• Continue to feed baleage to maintain a slow rotation and still feed cows well enough that BCS targets are met.
  • At current stocking rates, the present growth rates of 40kg DM/ha/day plus 9t DM of baleage will allow for the planned feeding levels and still achieve the target pasture cover at end of May.
  • Continue to monitor pasture growth rates to ensure they are on target.

Concerns and plans for the upcoming weeks

  • Pasture covers on the support blocks are lower than target. Having enough feed for the winter is still a concern. We have enough supplement, but if it is wet we will damage the support block pastures. We will stand cows off and on, but it still pugs the pasture.
  • Have advertised to see if there are any grazing blocks available locally.
  • Have spoken to a couple of kiwifruit conversion blocks to see if they need non planted paddocks grazed, just keeping our ear to the ground for options.
  • If growth rates on the milking area are below budget more supplement could be fed if needed so pasture cover doesn’t go below 2000kg DM per ha.

2018-19 season review

Financial KPI's* Budget Actual
Milk Production (kgMS/ha) 1,344 1,352
Milk Production (kgMS/cow) 373 382
Net Dairy Cash Income ($/kgMS) $6.76 $6.73
Total Farm Working Expenses ($/kgMS) $2.52 $2.51
Cash Operating Surplus/Deficit ($/kgMS) $4.25 $4.22
Gross Farm Revenue ($/kgMS) $6.99 $6.58
Operating Expenses ($/kgMS) $3.09 $3.12
Operating Profit ($/ha) $5,247 $4,677

*These KPI's are based on cash book actuals to 31 May 2019 and estimated non-cash adjustments. The final financial performance based on financial statements may differ.

Click here for PDF of 2018-2019 budget v actuals


  • Financially and physically this season has been a lot more like the average for the farm prior to the floods of autumn 2017.
  • Milksolids per ha of 1,352 is 100 kg per ha higher than the previous 2 flood affected seasons.
  • The seasons operating profit based on the cashbook analysis of $4,677 per ha, is $11% below budget, but still well above the DairyNZ estimated average for the region for 2018-19 of $1,287 and the previous 2 years average for the farm of $3,500 per ha.
  • Operating expenses for the year were slightly up on budget, ($3.12 per kg MS compared with the budget of $3.09).  Farm working expenses were very close to budget, ($2.51 per kg MS actual compared with the budget of $2.52). The feed inventory adjustment and depreciation were up for the season, but this was offset by less owner labour than budgeted.
  • While production for the season was close to budget, (up 0.6 %), gross farm revenue was down due to both the milk price received, ($6.35 per kg MS), and total livestock revenue - cash and non-cash, ($0.25 per kg MS), being below budget.

Other points of interest

  • 2018 was another wet spring with cows being stood off for 11 days compared with the usual 2 or 3. Production to the end of December was 13% up on the previous season with no imported supplement fed at this point.
  • Pasture & crop harvested for the season was 17.0 t DM per ha, up 8% on the previous season and more in line with the levels pre 2017 floods, (3 year average pre 2016-17 was 18.5 t DM per ha).
  • The dry summer and autumn meant that 84 t PKE was fed, this being 28 t less than budget but at a higher price per t so total imported feed costs were only slightly below budget.
  • Good late spring/early summer pasture growth rates resulted in 15 more ha, (up 25% on budget), of supplement being harvested, with higher yields compared with previous years.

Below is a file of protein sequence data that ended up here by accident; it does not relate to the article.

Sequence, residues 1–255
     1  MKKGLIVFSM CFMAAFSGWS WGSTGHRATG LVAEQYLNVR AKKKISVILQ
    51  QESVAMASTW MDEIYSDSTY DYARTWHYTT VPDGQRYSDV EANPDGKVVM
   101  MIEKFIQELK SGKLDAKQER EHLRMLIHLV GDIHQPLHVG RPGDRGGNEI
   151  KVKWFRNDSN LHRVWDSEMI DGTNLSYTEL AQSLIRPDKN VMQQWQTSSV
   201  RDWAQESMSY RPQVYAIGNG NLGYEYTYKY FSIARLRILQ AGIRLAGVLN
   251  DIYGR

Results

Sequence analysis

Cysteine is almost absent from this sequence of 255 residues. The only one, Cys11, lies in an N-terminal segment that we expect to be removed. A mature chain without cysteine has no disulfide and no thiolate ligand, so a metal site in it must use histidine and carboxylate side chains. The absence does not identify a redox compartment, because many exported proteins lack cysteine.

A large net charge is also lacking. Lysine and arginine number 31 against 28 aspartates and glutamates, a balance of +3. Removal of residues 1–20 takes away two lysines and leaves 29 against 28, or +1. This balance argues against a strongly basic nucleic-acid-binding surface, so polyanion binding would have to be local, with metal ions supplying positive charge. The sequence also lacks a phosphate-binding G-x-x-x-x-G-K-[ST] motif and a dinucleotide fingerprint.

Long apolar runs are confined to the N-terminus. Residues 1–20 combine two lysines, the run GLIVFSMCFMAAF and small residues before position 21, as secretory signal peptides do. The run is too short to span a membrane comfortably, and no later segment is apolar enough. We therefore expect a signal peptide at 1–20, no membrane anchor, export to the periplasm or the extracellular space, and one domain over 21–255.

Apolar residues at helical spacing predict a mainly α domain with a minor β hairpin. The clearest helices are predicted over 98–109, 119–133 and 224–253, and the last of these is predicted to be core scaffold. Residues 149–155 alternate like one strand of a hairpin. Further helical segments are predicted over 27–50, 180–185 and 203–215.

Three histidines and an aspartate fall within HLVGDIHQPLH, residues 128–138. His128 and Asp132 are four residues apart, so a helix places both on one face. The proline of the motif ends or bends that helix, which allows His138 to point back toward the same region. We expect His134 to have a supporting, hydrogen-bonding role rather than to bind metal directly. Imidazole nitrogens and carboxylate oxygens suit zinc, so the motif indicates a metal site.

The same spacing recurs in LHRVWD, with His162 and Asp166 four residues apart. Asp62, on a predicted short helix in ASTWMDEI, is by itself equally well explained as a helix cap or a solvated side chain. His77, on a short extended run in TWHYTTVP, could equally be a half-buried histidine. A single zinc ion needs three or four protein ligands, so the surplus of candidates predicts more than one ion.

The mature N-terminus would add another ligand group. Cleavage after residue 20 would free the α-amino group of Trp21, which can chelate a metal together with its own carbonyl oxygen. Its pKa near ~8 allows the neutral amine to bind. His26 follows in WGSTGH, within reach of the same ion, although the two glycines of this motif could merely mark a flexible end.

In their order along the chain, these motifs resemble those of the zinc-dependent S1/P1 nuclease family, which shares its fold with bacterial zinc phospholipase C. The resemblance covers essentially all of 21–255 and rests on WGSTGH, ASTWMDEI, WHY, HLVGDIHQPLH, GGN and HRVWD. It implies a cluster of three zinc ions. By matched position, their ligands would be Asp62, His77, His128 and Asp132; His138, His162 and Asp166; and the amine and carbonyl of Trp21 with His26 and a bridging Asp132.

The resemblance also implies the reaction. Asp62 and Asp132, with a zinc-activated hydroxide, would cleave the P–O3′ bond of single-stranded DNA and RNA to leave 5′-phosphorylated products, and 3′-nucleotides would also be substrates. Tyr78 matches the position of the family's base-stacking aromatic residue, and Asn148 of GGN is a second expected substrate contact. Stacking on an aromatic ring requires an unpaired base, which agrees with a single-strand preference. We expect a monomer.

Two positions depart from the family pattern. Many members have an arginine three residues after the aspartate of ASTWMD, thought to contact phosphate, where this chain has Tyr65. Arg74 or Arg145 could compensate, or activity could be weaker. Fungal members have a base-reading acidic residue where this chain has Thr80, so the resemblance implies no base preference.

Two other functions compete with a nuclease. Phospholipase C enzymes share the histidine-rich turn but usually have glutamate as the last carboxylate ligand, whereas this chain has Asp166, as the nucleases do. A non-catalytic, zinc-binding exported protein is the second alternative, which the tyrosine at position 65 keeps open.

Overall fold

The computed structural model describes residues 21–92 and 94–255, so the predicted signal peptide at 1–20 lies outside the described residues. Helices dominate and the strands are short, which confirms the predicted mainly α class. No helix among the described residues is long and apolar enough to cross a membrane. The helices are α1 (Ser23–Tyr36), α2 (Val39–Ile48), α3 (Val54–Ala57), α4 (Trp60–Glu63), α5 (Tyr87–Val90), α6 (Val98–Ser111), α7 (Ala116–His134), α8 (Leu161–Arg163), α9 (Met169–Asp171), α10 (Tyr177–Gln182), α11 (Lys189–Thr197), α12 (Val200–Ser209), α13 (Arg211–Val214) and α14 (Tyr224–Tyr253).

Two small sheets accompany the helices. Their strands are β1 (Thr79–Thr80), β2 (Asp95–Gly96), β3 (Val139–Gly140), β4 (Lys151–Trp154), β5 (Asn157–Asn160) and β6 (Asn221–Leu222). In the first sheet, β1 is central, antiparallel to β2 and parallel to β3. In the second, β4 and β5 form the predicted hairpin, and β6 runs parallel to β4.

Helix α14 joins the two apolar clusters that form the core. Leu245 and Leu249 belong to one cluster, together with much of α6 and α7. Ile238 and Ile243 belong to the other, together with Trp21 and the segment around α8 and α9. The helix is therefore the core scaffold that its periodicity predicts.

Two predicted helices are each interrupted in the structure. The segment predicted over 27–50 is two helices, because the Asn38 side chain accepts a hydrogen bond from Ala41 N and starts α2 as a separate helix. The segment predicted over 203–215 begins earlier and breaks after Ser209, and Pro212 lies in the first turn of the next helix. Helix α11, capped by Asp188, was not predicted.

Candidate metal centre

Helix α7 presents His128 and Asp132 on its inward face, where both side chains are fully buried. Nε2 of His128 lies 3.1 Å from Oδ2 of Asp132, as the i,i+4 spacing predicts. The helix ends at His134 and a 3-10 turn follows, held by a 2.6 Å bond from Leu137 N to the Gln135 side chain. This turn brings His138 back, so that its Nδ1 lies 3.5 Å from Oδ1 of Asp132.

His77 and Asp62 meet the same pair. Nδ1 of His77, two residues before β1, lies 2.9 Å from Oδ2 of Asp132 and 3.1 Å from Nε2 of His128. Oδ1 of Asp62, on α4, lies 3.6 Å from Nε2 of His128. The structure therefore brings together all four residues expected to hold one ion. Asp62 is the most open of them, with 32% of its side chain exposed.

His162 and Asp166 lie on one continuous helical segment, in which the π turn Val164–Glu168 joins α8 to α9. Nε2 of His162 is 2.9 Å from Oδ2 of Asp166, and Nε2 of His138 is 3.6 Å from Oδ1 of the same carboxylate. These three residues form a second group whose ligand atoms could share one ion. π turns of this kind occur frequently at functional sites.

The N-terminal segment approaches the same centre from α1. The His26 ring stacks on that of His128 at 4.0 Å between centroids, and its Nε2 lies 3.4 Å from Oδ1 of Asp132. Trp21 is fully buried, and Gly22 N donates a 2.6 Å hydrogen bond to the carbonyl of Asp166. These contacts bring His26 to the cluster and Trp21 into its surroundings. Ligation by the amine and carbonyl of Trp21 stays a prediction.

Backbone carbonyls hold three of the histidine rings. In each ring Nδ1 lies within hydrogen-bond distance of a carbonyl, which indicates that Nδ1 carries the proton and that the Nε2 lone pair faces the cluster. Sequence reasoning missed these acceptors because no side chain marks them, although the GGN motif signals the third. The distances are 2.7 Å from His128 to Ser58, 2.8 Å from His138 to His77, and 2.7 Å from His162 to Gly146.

• Supplement on hand at the end of the season was down 43.1 t DM as more was fed out in the late autumn to increase pasture cover due to lower than budgeted pasture growth rates.
  • Nitrogen use for the season was 73 kg N per ha which was slightly below the budgeted 80 kg N per ha.  Less N was used in the autumn in part due to the weather and soil conditions not being suitable for N applications.
  • This season R & M costs were below budget for a change, probably in part due to higher R & M spending over the previous two seasons as a consequence of remedying the impact of the 2017 autumn flooding.

2017-18 season review

Financial KPI's* Budget Actual
Milk Production (kgMS/ha) 1,406 1,250
Milk Production (kgMS/cow) 391 347
Net Dairy Cash Income ($/kgMS) $6.20 $6.89
Total Farm Working Expenses ($/kgMS) $2.45 $2.64
Cash Operating Surplus/Deficit ($/kgMS) $3.75 $4.25
Gross Farm Revenue ($/kgMS) $5.73 $6.18
Operating Expenses ($/kgMS) $2.97 $3.23
Operating Profit ($/ha) $3,873 $3,686

These KPI's are based on cash book actuals to the 31/5/2018 and estimated non-cash adjustments. The final financial performance based on financial statements may differ.


  • The very wet spring, on top of the floods in autumn 2017 had a big impact on early season production which was 8-9% behind budget by mid-December. Despite good summer/autumn rainfall this loss was never regained, largely due to the very hot conditions affecting the cows, and also resulting in a proliferation of poorer quality summer grasses.
  • Much of the variation from budget for the 17-18 season relates to the poor spring weather or the carry over effects of the 2017 autumn floods.
  • The budgeted milk price was $0.69 lower than the actual received of $6.52 which meant that despite production being 115 below budget total income was only $17,000 below budget.
  • Total farm working expenses for the season were $22,000 below budget, although with the much lower milksolids produced, FWE per kg MS of $2.64 was $0.19 above budget. The main reason for total costs being below budget was a significant relief on rates due to the autumn 2017 flooding.
  • Operating profit for the year is estimated to be $3,686 per ha which is very similar to the budget forecast, and the flood affected 2016-17 season. This is well down on the farms best financial performances in 13-14 and 14-15, so the impact of the severe weather events of the last 18 months has been significant.

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Last updated: Aug 2023